Deason Center Rural Criminal Justice Summit


Two-day workshop brought together criminal justice stakeholders from across the county to address criminal justice needs of rural communities


On November 29th and 30th, the Deason Criminal Justice Reform Center at SMU Dedman School of Law brought together a diverse group of national rural criminal justice stakeholders from across the country for the first time this week to address criminal justice needs in rural communities. Prosecutors, defense attorneys, judges, sheriffs, victims’ advocates, re-entry experts and rural community researchers worked to identify the unique institutional, structural and demographic characteristics of rural criminal justice reform systems throughout a two-day seminar, an important first step in creating conversation about rural criminal justice reform. 


“As our country experiences an increasing criminal justice reform movement, this important work can often focus on the issues as they appear in urban communities and overlook the unique criminal justice challenges that confront rural areas,” said Pamela R. Metzger, Director of the Deason Criminal Justice Reform Center. “Research shows that contrary to popular belief, incarceration rates and the jail population in major cities has fallen while rural communities have seen the highest growth. These leaders from across the country are committed to working together to find a path forward by locating system strengths, describing common concerns, identifying research opportunities and developing strategies for true reform.”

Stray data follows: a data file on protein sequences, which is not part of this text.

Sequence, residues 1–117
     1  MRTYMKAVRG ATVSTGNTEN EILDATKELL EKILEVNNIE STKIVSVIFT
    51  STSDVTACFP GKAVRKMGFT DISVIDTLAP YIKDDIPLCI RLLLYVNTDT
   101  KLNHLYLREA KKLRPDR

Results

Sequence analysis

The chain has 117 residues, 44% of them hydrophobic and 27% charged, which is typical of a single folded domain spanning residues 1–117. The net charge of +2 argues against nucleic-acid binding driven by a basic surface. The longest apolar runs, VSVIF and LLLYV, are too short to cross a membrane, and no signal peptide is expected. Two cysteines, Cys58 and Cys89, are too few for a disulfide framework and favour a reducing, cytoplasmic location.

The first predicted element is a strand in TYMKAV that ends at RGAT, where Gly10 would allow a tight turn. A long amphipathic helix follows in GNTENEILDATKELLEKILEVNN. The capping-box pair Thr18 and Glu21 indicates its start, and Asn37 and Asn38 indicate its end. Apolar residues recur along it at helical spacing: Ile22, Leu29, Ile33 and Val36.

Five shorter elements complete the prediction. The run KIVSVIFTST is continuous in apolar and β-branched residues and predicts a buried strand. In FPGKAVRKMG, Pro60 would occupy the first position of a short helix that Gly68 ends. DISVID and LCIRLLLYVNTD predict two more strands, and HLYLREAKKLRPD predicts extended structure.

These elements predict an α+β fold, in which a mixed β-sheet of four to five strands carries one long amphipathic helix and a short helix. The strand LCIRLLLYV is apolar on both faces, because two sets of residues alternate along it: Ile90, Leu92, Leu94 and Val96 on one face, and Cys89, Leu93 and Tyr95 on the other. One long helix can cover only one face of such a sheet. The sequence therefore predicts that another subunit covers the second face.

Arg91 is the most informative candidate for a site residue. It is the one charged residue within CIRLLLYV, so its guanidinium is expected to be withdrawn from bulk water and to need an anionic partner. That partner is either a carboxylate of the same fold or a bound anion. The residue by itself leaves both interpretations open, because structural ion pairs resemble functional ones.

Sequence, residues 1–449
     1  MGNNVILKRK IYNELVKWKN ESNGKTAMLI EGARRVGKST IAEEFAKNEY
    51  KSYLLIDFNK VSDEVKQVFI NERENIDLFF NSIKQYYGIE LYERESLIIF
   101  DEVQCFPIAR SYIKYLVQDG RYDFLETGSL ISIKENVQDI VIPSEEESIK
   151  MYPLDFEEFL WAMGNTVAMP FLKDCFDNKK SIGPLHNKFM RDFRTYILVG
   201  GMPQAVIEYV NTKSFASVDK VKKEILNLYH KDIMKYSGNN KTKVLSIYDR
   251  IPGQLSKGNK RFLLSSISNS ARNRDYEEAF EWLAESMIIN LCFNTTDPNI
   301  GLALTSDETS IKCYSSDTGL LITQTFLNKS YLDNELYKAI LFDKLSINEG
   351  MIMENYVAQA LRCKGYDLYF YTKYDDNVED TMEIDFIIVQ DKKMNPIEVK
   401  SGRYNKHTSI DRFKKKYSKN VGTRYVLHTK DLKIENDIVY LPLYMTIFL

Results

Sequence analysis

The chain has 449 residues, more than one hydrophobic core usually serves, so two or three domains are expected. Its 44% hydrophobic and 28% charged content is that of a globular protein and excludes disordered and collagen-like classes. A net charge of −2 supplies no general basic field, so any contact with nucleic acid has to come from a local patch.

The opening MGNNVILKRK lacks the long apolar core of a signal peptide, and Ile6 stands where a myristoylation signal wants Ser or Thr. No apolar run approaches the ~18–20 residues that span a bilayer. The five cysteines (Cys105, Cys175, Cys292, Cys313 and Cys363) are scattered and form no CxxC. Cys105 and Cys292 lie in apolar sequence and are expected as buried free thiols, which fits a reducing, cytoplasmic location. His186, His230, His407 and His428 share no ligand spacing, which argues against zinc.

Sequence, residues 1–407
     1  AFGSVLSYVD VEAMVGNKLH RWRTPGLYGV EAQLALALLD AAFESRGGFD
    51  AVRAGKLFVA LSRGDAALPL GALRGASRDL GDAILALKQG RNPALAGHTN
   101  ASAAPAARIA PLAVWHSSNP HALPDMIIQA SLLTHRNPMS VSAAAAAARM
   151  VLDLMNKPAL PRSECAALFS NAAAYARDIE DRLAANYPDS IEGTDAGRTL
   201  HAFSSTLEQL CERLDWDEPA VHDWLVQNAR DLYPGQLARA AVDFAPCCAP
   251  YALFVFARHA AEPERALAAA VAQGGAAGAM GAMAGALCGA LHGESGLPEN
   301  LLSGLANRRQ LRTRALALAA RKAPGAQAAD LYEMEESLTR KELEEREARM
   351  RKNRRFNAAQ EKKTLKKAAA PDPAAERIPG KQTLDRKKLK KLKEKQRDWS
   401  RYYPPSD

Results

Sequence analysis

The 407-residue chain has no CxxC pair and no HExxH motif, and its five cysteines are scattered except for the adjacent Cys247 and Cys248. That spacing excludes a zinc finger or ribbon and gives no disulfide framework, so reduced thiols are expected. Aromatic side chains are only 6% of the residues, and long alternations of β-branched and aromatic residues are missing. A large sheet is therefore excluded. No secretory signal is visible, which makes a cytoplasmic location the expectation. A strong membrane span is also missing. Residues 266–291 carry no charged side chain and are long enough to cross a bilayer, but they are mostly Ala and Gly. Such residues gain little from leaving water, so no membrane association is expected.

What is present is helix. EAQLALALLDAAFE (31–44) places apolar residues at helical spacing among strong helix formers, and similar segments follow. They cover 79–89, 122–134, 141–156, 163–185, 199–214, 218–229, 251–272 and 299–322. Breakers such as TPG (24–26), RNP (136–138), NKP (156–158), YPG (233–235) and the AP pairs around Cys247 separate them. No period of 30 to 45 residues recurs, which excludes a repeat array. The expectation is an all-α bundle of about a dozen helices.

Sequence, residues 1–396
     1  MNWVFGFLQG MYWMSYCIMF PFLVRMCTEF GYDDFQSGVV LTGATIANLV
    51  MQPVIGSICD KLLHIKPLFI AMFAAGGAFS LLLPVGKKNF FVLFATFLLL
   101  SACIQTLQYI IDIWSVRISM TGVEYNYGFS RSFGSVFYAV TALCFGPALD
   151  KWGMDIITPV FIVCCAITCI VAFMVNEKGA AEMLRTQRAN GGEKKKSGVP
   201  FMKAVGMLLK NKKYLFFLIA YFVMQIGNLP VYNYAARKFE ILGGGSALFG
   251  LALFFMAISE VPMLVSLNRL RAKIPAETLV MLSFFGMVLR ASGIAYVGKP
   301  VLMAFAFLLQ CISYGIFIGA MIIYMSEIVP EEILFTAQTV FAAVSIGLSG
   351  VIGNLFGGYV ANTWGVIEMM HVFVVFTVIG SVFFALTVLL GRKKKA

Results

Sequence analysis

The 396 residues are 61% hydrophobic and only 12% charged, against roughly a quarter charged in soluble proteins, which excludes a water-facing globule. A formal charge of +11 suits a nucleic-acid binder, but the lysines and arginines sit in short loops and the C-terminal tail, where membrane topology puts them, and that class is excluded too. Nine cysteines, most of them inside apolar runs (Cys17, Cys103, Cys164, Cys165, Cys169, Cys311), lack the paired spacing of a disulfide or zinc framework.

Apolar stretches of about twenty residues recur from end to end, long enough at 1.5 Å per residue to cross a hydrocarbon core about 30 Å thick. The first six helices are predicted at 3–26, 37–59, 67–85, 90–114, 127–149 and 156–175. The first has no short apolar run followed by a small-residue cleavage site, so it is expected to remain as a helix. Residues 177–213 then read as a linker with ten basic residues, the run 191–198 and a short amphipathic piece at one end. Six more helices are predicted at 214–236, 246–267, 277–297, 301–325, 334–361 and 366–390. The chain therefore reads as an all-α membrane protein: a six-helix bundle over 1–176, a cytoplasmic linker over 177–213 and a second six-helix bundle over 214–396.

According to research from the Vera Institute of Justice, America holds 1.5 million people in prison – 2.2 million when jails are counted. Despite rural areas having substantially lower crime rates than cities, jail populations continue to rise as rural counties have the nation’s highest rate of pretrial incarceration, are renting out jail beds to hold people for other government agencies and have fewer resources than their urban counterparts – all of which are contributing to the overuse of incarceration. 


Stakeholders at the Summit discussed access to justice in rural communities, resource challenges and solutions, systemic challenges including adequate funding, staffing and operating core aspects of the criminal justice system, and ethical challenges in rural communities. Stakeholders also identified the challenges they see in their specific communities and worked to develop potential solutions that can be implemented to address these challenges. The Deason Center will issue a public report on the summit’s findings. 


National Association of Criminal Defense Lawyers
Association of Prosecuting Attorneys


The Deason Criminal Justice Reform Center promotes criminal justice reform by conducting, supporting, and disseminating data-driven criminal justice research. By using a “Stats and Stories” model to advocate for change in the criminal justice system, the Deason Center collects, analyzes, and assesses the hard data that drives smart, sane, and sensible criminal justice reform. The Deason Center then uncovers, recounts, and amplifies the stories of people who live, work, and struggle in our criminal justice system. Together, these Stats and Stories make a compelling case for compassionate criminal justice reform. By educating law students in this innovative Stats and Stories approach, the Deason Center is building a new generation of lawyers who are engaged in the social enterprise of criminal justice reform.